In light of the above review, an analysis of the parties’ remaining arguments is unwarranted.
treating medical source's opinions, see Wilson, 378 F.3d at 545-47; failed to consider
certain evidence, such as a treating source’s opinions, see Bowen, 478 F3d at 747-50;
failed to consider the combined effect of the plaintiff’s impairments, see Gentry, 741 F.3d
at 725-26; or failed to provide specific reasons supported by substantial evidence for
finding the plaintiff’s credibility lacking, Rogers, 486 F.3d at 249.
Under sentence four of 42 U.S.C. '405(g), the Court has authority to affirm,
modify, or reverse the Commissioner=s decision “with or without remanding the cause for
rehearing.” Melkonyan v. Sullivan, 501 U.S. 89, 99 (1991). Consequently, a remand
under sentence four may result in the need for further proceedings or an immediate award
of benefits. E.g., Blakley, 581 F.3d at 410; Felisky v. Bowen, 35 F.3d 1027, 1041 (6th
Cir. 1994). The latter is warranted “only where the evidence of disability is
overwhelming or where the evidence of disability is strong while contrary evidence is
lacking.” Felisky, 35 F.3d at 1041 (quoting Faucher v. Sec'y of Health & Humans Servs.,
17 F.3d 171, 176 (6th Cir. 1994)).
In the present case, the evidence of record establishes that a remand for award of
benefits is warranted because the record contains overwhelming evidence, or strong
evidence while contrary evidence is lacking, that Plaintiff is under a disability. Such
evidence includes, but is not limited to, the opinions provided by Plaintiff’s long-term
treating psychiatrist Dr. Moody combined with the treatment records from South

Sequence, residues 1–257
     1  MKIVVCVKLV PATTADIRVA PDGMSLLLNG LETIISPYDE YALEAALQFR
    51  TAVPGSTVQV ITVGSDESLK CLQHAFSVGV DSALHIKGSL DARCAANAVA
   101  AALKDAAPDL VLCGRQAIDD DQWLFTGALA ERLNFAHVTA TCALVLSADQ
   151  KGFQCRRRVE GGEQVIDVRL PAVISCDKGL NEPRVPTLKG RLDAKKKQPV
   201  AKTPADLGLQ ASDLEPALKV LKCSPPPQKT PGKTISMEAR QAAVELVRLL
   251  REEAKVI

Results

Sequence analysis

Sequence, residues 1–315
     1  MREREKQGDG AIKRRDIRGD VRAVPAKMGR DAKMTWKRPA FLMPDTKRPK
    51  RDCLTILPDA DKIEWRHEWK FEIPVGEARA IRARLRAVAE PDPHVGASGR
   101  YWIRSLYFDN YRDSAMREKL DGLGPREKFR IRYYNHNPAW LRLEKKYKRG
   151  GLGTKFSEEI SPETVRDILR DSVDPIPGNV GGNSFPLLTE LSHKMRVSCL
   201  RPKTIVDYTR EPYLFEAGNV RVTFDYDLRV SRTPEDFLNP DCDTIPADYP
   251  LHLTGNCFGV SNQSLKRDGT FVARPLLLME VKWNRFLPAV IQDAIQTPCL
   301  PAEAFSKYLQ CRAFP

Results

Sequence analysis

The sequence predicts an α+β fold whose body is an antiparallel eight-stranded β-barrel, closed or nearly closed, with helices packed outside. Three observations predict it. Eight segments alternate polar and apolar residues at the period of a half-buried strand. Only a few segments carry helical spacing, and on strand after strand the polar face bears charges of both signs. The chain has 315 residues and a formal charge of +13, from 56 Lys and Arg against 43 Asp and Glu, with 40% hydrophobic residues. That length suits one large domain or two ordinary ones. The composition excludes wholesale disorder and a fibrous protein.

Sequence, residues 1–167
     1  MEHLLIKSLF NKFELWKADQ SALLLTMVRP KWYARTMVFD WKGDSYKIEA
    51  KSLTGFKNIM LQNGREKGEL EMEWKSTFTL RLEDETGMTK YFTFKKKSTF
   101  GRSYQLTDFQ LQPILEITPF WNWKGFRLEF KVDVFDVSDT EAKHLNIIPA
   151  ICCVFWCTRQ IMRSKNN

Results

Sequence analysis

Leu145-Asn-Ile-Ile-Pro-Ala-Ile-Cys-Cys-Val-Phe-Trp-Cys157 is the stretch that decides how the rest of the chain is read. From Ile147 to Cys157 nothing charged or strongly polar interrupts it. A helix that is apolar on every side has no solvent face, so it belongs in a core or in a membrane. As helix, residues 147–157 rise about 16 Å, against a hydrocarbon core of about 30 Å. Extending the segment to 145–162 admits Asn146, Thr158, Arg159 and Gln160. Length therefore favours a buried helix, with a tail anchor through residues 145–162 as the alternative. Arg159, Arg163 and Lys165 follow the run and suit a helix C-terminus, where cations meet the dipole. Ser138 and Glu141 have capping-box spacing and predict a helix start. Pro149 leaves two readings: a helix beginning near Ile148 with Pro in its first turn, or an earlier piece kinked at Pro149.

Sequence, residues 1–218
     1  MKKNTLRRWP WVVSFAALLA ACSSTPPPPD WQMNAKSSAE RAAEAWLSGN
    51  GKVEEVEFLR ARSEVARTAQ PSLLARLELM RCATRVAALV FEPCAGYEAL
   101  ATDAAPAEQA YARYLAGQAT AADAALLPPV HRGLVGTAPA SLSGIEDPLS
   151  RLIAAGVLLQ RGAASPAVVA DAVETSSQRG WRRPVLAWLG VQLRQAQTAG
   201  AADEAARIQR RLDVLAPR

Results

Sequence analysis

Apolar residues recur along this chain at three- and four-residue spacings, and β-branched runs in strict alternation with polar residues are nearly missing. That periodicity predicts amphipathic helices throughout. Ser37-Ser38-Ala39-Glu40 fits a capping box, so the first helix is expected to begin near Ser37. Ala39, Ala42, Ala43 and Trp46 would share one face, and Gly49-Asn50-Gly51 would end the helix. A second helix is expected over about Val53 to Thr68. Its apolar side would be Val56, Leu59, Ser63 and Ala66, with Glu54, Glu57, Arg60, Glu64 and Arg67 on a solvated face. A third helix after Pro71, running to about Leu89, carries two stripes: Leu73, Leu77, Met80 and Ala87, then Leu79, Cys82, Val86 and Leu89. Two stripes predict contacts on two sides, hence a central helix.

Community Behavioral Health. Additionally, there is no reasonable justification to delay
an award of benefits while the matter is remanded for further proceedings for the third
time when her application has been pending for seven and one-half years.
Accordingly, Plaintiff is entitled to receive Disability Insurance Benefits based on
the application she filed on December 12, 2009.
IT IS THEREFORE RECOMMENDED THAT:
The Commissioner’s non-disability finding be reversed and this case
be remanded to the Commissioner under sentence four of 42 U.S.C.
§ 405(g) for payment of benefits based on Plaintiff’s December 12,
2009 application for Disability Insurance Benefits; and
The case be terminated on the docket of this Court.
August 9, 2017
s/Sharon L. Ovington
Sharon L. Ovington
United States Magistrate Judge
NOTICE REGARDING OBJECTIONS
Pursuant to Fed. R. Civ. P. 72(b), any party may serve and file specific, written
objections to the proposed findings and recommendations within fourteen days after
being served with this Report and Recommendations. Such objections shall specify the
portions of the Report objected to and shall be accompanied by a memorandum of law in
support of the objections. If the Report and Recommendations are based in whole or in
part upon matters occurring of record at an oral hearing, the objecting party shall
promptly arrange for the transcription of the record, or such portions of it as all parties
may agree upon or the Magistrate Judge deems sufficient, unless the assigned District
Judge otherwise directs. A party may respond to another party’s objections within
fourteen days after being served with a copy thereof.
Failure to make objections in accordance with this procedure may forfeit rights on
appeal. See United States v. Walters, 638 F. 2d 947 (6th Cir. 1981); Thomas v. Arn, 474
U.S. 140 (1985).